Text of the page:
Part awards ceremony, part networking event, Tech Celebration gives IT professionals the opportunity to meet new contacts, reconnect with old ones, share ideas and ideate collaboration, that inextricable element of creativity. Doug Durham, CEO of Don’t Panic Labs and co-founder of Nebraska Global, is on record with Silicon Prairie News lauding Tech Celebration for its ability to bring the community together.

Above all, Tech Celebration helps organize the local community around a shared vision of a thriving tech ecosystem, said Susan Courtney, Vice President of Operations, Business Process and Shared Services for Blue Cross Blue Shield of Nebraska, in an interview Courtney conducted with AIM for a recent Strictly Business article.

“Tech Celebration helps to get folks that live in the tech world together to recognize accomplishments, get to know each other better, dialogue and harvest ideas,” Courtney said. 

In 2012, Courtney received the Tech Leader award for her work at Blue Cross Blue Shield of Nebraska and for her leadership in the wider community. She has been a Women in IT Initiative task force member for UNO’s College of Information Science & Technology and was recently honored by the Women’s Center for Advancement at the 2019 Tribute to Women luncheon.

Sponsored by Cox Business, the 2019 AIM Tech Celebration will be held Nov. 14, 5:30 pm to 8:30 pm at the Center for Advanced and Emerging Technology on the MCC Fort Omaha campus. Tickets are free and open to the public

Additional sponsors include Valmont, Kiewit, FNTS, Blue Cross Blue Shield, Mutual of Omaha, Union Pacific, Wells Fargo, Team Software, Google, Predictive Technology, Buildertrend, Bellevue.edu and CRI.


M.U.D. Donates 15 iPads to Support Youth-in-Tech Programs

Posted on - AIM Newsroom, Community, Tech Education, Youth

Representatives from Omaha’s Metropolitan Utilities District visited the AIM Brain Exchange Thursday to donate 15 iPads in support of AIM’s youth-in-tech programs. The iPads will help AIM expand its free tech education outreach to a wider audience, particularly underserved students who might not get to experience technology otherwise. In this way, M.U.D. and AIM are helping build tomorrow’s tech workforce and closing the local IT talent gap.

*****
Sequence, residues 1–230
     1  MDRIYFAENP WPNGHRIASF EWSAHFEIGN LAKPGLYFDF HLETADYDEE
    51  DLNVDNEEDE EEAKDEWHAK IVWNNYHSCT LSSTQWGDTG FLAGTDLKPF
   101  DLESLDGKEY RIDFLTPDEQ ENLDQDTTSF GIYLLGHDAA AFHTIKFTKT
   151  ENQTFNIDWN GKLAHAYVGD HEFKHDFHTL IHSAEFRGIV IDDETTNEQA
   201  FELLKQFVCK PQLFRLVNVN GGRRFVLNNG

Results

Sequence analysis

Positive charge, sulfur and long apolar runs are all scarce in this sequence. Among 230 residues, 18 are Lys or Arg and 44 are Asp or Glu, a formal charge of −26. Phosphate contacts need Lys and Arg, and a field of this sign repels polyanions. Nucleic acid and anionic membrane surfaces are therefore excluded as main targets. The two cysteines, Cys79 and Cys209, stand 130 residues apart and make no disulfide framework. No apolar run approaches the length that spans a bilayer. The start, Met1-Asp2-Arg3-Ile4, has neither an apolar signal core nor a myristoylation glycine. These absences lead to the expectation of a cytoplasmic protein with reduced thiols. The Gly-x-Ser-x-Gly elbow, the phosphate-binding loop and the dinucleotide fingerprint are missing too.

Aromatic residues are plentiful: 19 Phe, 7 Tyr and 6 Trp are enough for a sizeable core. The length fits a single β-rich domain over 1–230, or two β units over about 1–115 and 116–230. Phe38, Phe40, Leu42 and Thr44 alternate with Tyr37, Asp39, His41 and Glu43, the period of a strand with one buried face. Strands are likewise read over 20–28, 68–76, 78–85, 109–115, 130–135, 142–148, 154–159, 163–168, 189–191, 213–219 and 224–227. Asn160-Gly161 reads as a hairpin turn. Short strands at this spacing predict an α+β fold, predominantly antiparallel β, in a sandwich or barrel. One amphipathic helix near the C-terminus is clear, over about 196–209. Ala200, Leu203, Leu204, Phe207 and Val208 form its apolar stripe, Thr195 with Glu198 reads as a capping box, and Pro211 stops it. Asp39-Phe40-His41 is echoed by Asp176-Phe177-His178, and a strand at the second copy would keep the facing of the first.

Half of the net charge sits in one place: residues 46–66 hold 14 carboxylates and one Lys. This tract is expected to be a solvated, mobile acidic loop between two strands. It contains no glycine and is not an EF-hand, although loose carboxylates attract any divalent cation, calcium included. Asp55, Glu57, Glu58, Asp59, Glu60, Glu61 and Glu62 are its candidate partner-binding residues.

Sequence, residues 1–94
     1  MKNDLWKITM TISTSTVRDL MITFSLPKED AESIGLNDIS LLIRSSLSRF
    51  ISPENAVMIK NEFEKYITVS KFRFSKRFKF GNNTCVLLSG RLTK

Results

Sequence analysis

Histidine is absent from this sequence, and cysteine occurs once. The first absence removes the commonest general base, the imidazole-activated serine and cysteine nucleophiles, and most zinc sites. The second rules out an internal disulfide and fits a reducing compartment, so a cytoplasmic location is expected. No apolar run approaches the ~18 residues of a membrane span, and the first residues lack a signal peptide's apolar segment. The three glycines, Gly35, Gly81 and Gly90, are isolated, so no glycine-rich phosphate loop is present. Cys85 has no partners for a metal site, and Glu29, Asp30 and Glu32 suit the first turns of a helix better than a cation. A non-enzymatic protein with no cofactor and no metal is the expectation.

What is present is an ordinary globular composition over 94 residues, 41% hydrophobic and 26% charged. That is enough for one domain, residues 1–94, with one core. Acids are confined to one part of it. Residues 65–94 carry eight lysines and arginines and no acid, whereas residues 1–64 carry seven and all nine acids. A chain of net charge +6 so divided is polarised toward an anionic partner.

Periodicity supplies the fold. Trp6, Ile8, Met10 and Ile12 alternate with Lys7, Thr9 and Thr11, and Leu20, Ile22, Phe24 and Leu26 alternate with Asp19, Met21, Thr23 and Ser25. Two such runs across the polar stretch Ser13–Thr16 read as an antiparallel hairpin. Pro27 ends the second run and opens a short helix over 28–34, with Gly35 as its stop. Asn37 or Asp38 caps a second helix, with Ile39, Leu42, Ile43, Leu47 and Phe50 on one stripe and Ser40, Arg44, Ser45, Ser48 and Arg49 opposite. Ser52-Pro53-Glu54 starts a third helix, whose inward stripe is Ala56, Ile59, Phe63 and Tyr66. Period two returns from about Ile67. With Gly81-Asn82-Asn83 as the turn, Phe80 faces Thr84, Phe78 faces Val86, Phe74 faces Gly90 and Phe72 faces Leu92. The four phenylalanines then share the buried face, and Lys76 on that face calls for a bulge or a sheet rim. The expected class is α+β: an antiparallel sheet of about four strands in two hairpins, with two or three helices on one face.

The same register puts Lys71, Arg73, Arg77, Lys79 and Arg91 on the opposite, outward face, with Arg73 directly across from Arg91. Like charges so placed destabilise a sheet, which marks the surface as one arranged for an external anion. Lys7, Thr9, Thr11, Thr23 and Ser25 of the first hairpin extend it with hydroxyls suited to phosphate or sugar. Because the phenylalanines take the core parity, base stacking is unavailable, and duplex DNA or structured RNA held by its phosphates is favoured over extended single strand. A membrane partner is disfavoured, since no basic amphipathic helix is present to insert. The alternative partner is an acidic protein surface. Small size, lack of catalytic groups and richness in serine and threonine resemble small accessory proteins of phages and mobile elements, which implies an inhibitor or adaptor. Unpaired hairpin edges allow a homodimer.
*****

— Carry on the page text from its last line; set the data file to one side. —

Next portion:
These iPads allow students to gain early experience controlling technology. Early tech exposure helps demystify a field that might seem out-of-reach to underserved youth. Such youth often face structural barriers to developing the technical skills that would help them break out of the cycle of poverty.

“We want to get our kids excited about being content creators, not just content consumers,” said Jonathan Holland, Senior Director of Educational Programs for AIM.

To that end, the AIM Brain Exchange helps youth explore, learn and do technology. Students gain hands-on experiences with virtual reality, programmable robots, and Piper Computer kits. A mobile outreach unit also travels to area schools, providing free tech education to students aged 7 to 17.

Holland continued: “We’ve found that if you don’t get kids interested in technology before middle school, they might never be interested. That’s too bad. People who choose a technology career tend to make $1 million more over their lifetime than they would if they didn’t go into tech.”

How You Can Help Build a Stronger Tech Community

As an innovative not-for-profit that helps grow, connect and inspire the tech talent ecosystem through education and career development, AIM relies on the support of partner organizations and community donations to sustain the services we offer to the community. Please consider making a small donation to support our youth-in-tech programs.

Even a modest, tax-deductible donation of $5 will help us reach more youth.

Whether you choose to donate or not, we’d love to see you at the 2019 AIM Tech Celebration awards ceremony. Tech Celebration is an annual awards ceremony recognizing businesses, individuals, students and educators that help shape the future of technology. The event acts as a connective force in the IT ecosystem, providing valuable opportunities for networking and collaboration. This year’s ceremony takes place Nov. 14, 5:30 to 8:30pm at the Center for Advanced and Emerging Technology on the MCC Fort Omaha campus. 

As always, Tech Celebration is free and open to the public. Come meet new people, reconnect with old colleagues, and celebrate technology in our community!